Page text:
Consider just one aspect of biblical masculinity revealed to us in Genesis 2:15, where we are told that Adam is placed in the garden to work it (ESV). The Hebrew word, “work it” is “avad,” which is also translated cultivate (NASB). It means to make fruitful, to cause to flourish, to produce, to build, to shape. Adam is to make the garden (which includes its inhabitants) fruitful—to provide what the garden needs to thrive, to help it, and its inhabitants reach their fullest potential. 

This core concept of masculinity is that we spend our lives (energy and time) devoted to helping those under our care develop to their fullest potential.  We sacrifice our time and energy so that the garden (or civilization) as well as our wives and children (also in the garden) flourish, prosper. Under this broad heading of AVAD, we discern four subheadings:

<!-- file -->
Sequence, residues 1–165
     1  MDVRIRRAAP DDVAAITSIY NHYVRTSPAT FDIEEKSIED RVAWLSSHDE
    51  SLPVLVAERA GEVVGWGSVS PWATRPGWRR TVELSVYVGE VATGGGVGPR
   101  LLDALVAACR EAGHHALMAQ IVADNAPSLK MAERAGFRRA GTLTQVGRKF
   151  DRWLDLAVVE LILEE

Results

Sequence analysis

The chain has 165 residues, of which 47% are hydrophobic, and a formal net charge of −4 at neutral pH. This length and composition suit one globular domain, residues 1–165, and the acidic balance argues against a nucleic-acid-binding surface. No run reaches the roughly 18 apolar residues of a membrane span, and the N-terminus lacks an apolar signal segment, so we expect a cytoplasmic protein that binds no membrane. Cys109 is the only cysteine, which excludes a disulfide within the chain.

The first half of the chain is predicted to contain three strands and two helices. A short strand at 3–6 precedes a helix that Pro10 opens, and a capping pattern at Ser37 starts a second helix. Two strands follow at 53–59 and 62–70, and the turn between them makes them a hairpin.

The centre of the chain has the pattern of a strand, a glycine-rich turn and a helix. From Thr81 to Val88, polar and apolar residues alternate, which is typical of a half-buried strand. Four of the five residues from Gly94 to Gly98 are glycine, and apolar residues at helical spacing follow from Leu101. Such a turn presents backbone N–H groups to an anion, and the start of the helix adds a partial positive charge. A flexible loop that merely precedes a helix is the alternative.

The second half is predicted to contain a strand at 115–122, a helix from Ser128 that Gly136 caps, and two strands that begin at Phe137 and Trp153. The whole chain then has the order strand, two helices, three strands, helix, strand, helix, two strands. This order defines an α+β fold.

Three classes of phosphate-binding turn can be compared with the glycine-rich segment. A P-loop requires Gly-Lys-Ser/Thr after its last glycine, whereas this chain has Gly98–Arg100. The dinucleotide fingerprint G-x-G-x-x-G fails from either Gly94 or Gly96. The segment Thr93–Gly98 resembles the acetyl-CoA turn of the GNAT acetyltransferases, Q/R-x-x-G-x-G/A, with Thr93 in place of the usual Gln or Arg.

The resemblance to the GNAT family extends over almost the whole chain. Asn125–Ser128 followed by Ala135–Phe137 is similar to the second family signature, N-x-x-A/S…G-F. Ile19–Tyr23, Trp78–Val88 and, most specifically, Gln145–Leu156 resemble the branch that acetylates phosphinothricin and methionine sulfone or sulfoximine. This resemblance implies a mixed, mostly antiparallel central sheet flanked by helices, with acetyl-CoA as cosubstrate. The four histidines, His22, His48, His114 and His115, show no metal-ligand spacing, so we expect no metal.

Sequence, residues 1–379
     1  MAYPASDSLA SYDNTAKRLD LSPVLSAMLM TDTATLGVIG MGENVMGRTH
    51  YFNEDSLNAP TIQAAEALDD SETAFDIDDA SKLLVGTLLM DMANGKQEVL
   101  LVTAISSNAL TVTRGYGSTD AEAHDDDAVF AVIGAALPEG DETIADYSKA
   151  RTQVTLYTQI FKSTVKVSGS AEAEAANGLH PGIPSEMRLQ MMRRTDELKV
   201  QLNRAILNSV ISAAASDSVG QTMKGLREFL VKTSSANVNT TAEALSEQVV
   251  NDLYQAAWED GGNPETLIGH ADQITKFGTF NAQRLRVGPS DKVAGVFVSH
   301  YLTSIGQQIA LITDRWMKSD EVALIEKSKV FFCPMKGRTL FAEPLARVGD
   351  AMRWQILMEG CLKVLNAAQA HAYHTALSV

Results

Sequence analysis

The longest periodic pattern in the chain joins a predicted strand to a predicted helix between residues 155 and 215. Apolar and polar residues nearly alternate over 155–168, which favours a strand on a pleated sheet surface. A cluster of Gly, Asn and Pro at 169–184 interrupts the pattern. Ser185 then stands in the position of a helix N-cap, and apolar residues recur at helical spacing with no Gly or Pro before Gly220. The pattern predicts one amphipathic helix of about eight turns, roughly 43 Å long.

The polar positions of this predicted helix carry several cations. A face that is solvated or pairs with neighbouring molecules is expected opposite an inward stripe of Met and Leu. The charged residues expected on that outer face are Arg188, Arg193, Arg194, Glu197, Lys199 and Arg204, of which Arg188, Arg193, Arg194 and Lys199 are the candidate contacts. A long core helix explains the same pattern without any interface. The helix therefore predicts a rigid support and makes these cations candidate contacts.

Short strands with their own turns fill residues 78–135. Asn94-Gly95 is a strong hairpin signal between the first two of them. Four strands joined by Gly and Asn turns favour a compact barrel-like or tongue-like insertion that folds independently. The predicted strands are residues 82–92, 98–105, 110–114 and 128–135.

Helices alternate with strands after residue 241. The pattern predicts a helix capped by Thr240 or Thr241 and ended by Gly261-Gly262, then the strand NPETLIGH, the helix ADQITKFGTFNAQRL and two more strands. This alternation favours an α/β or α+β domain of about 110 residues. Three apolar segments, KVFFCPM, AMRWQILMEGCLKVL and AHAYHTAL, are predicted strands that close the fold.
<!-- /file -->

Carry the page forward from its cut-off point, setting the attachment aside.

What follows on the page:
A. Both Adam and Eve are called to develop the potential that God has built into the garden (world). God wants iron to become steel and bridges to be built. He wants the principles of harmonics to be employed to create beautiful music—and the relationships brought about by the diversification of labor to be regulated by his law. Both Adam and Eve are to develop culture.  However, Adam is more specifically assigned to provide from one part of the garden, what another part needs, (e.g. water in the garden to irrigate the pear tree, pears from the garden to feed humans, etc.) That is what “cultivating the garden” means. AVAD means providing. There is a reason men tend to feel it their responsibility to be the material providers of their homes. Their calling is described, by the word, avad.